D. The Legal Standard Applied by the Secretary
The Court will first address the plaintiff's argument that the Secretary applied an improper legal standard in assessing the evidence in this case. Landa contends that the Secretary's denial of benefits is based on a technical analysis of the services rendered to determine if those services were "skilled" within the meaning of Medicare. Landa contends that this standard is erroneous in that it fails to consider and adequately evaluate the patient's total condition. The Court disagrees. In the Court's view the Secretary's final decision was not based on an erroneous interpretation of the law.
In particular, the Court notes that the Appeals Council remanded Landa I with express instructions to consider Landa's overall condition, stating that
pursuant to 42 CFR 409.30(b), skilled care must have been needed and received within 30 days after the beneficiary's hospital discharge (i.e., from January 8, 1987 through February 6, 1987). Thus, if daily skilled services were not needed/received by February 6, 1987, the beneficiary's subsequent skilled nursing facility stay need not be evaluated. In evaluating the need for and receipt of skilled care, however, the beneficiary's total condition must be considered. Although the decision evaluates observation/assessment (42 CFR 409.33(a)(2)) that the beneficiary received (page 2, paragraph 4), it does not specifically address whether the overall management and evaluation of the beneficiary's care plan constituted skilled care (42 CFR 409.33(a)(2)). The decision also does not specifically address the beneficiary's total condition.
R. 294-95 (emphasis supplied). When the Appeals Council reviewed the April 6, 1990 Landa II decision, it noted that the ALJ did "address the beneficiary's overall condition." R. 15. However, the Appeals Council found that remand of Landa II was necessary to address, among other things, (1) whether the overall management and evaluation of Landa's case constituted skilled care and (2) whether Landa had any special medical conditions that would require that otherwise unskilled services would be considered skilled. The ALJ was also directed to obtain additional medical evidence, namely the treating physician's certification and the utilization review committee decision, as well as the opinion of a medical expert. R. 16. When the Appeals Council denied review of Landa III, which addressed the issues previously identified by the Appeals Council, it became the Secretary's final determination.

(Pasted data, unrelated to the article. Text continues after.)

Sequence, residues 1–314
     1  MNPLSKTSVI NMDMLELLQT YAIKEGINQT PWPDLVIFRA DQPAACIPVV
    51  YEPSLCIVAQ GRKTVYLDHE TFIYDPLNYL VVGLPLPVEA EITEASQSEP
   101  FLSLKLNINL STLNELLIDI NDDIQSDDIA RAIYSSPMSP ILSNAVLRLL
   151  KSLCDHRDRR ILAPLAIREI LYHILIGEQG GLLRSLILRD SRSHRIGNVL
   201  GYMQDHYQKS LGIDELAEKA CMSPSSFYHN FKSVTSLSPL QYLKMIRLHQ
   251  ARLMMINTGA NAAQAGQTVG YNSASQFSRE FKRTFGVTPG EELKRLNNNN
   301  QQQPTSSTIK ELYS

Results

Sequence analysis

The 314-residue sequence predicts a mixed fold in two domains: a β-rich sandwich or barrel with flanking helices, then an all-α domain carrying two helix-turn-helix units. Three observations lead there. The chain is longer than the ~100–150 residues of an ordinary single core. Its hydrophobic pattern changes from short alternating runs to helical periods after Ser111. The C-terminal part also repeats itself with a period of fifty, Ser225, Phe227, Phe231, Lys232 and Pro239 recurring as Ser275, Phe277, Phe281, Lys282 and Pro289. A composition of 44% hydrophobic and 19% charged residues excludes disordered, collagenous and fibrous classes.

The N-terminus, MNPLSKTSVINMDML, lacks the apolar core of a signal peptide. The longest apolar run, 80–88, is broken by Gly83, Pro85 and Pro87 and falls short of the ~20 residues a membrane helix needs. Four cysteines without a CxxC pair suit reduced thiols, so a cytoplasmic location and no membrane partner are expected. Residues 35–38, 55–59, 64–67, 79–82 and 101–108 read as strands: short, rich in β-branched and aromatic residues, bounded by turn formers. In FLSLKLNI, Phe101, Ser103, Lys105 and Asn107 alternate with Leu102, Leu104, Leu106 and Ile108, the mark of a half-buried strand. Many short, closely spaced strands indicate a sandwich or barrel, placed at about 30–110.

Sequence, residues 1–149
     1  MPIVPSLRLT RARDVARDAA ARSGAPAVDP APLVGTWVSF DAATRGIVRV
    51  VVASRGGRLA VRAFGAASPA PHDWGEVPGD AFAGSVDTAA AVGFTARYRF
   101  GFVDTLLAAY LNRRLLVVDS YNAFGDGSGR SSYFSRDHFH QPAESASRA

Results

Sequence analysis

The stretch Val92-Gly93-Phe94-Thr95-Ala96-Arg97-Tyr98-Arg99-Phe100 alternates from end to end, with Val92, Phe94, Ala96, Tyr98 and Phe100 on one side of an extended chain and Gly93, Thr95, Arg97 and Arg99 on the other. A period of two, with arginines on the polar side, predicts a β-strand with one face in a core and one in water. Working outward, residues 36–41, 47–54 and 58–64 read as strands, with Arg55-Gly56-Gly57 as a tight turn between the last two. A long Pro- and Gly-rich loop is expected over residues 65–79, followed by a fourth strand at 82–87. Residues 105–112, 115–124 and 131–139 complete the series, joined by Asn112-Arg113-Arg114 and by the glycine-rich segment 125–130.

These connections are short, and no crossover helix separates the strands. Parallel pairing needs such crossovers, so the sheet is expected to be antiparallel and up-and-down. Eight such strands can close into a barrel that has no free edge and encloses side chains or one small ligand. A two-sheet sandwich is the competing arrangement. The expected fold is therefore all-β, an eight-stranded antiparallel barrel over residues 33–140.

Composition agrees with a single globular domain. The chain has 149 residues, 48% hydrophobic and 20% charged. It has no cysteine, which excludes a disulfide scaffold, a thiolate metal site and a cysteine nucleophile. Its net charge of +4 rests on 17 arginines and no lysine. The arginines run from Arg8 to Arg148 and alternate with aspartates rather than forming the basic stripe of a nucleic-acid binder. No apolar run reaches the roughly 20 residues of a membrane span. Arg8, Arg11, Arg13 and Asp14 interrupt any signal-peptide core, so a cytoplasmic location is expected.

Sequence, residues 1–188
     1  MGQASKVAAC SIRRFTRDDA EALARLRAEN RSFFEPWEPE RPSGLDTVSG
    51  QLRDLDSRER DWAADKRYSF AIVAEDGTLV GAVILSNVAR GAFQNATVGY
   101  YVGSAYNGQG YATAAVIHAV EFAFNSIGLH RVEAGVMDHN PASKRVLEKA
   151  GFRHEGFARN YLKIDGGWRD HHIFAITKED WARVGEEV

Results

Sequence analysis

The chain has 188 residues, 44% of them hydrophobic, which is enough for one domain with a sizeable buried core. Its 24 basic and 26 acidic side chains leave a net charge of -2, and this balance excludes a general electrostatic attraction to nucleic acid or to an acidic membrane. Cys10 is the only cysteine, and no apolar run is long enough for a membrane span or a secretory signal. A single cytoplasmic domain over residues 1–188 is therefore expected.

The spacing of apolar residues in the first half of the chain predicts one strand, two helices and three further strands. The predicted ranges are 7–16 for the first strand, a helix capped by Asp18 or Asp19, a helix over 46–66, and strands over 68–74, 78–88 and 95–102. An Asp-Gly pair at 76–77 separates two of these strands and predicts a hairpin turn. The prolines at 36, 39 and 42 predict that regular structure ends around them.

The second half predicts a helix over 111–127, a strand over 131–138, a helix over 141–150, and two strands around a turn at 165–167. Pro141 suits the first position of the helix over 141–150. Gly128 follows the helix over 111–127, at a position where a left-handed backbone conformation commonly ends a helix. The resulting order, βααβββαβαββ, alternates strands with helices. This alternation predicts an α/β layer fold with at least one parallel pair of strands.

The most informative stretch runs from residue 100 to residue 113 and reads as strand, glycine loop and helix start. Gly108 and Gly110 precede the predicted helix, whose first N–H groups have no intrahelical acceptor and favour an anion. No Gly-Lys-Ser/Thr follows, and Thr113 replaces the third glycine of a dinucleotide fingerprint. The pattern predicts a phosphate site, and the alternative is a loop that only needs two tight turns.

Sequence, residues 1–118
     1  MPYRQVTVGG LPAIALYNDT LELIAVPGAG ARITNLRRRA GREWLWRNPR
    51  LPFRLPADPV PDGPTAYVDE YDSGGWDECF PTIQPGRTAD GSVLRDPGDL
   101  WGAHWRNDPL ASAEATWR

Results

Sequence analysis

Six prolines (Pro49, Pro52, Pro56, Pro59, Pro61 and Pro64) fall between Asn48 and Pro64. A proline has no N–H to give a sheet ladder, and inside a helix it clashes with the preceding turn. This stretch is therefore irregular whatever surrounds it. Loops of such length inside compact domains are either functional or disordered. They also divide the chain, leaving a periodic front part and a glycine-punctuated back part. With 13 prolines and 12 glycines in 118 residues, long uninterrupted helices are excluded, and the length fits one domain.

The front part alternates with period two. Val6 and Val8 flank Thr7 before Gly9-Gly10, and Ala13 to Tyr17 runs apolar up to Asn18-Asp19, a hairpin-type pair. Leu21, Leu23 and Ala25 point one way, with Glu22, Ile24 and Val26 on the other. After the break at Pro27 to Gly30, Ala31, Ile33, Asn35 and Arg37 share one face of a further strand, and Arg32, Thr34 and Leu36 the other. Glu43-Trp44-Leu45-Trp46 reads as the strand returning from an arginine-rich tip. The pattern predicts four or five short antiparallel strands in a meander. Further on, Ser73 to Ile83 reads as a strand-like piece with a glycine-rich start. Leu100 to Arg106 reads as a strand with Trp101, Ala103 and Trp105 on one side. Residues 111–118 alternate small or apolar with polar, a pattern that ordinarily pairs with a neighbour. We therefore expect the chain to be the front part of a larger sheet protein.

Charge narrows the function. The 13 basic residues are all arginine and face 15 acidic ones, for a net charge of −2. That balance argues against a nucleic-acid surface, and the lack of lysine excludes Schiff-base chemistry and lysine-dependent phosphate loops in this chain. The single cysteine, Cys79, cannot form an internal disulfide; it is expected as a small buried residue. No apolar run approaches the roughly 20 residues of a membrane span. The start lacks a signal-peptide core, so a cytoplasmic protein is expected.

Based on the foregoing, it is the Court's view that the legal standard applied by the Secretary in reviewing Landa's claim did not depart from the legal standard endorsed by the Second Circuit, namely a "common sense, nontechnical consideration of the patient as a whole." See e.g., Hurley v. Bowen, 857 F.2d 907, 912 (2d Cir. 1988); Friedman v. Secretary of Health and Human Services, 819 F.2d 42, 45 (2d Cir. 1987). The nature of the services provided are necessarily part of an overall evaluation of a patient's total condition and total treatment. Based on a review of the entire record in this case, the Court cannot say that the Secretary focused on the services provided to Landa rather than on Landa's aggregate needs in denying his medical claims.
Landa also contends that the Secretary erred in not giving determinative weight to the opinion of Dr. Morganstern, Landa's treating physician, who stated that Landa was in need of skilled nursing care. It was not a legal error by the Secretary to weigh Dr. Morganstern's opinion with all the other evidence. The Second Circuit has expressly refrained from imposing a rule regarding the weight that should be attributed to the opinion of the treating physician in determining Medicare coverage. Concerning this issue, the court stated:
We are not prepared at this time to pass judgment upon the district court's holding that the case can be disposed of by applying the treating physician rule that is used in social security disability cases. . . . We believe it better practice to have the Secretary first advise us what role if any the attending physician rule played in the instant case and will play in future cases of this nature.
Stein v. Secretary of Health and Human Services, 924 F.2d 431, 433-34 (2d Cir. 1991).
The Second Circuit restated this position in the following manner:
Finally, we will also follow Stein in leaving for the Secretary's initial consideration the issue of whether the treating physician rule, applicable to disability cases, see Schisler v. Bowen, 851 F.2d 43 (2d Cir. 1988), applies to Medicare coverage determination. Though the considerations bearing on the weight to be accorded a treating physician's opinion are not necessarily identical in the disability and Medicare contexts, we would expect the Secretary to place significant reliance on the informed opinion of a treating physician and either to apply the treating physician rule, with its component of "some extra weight" to be accorded to that opinion, id. at 47, or to supply a reasoned basis, in conformity with statutory purposes, for declining to do so.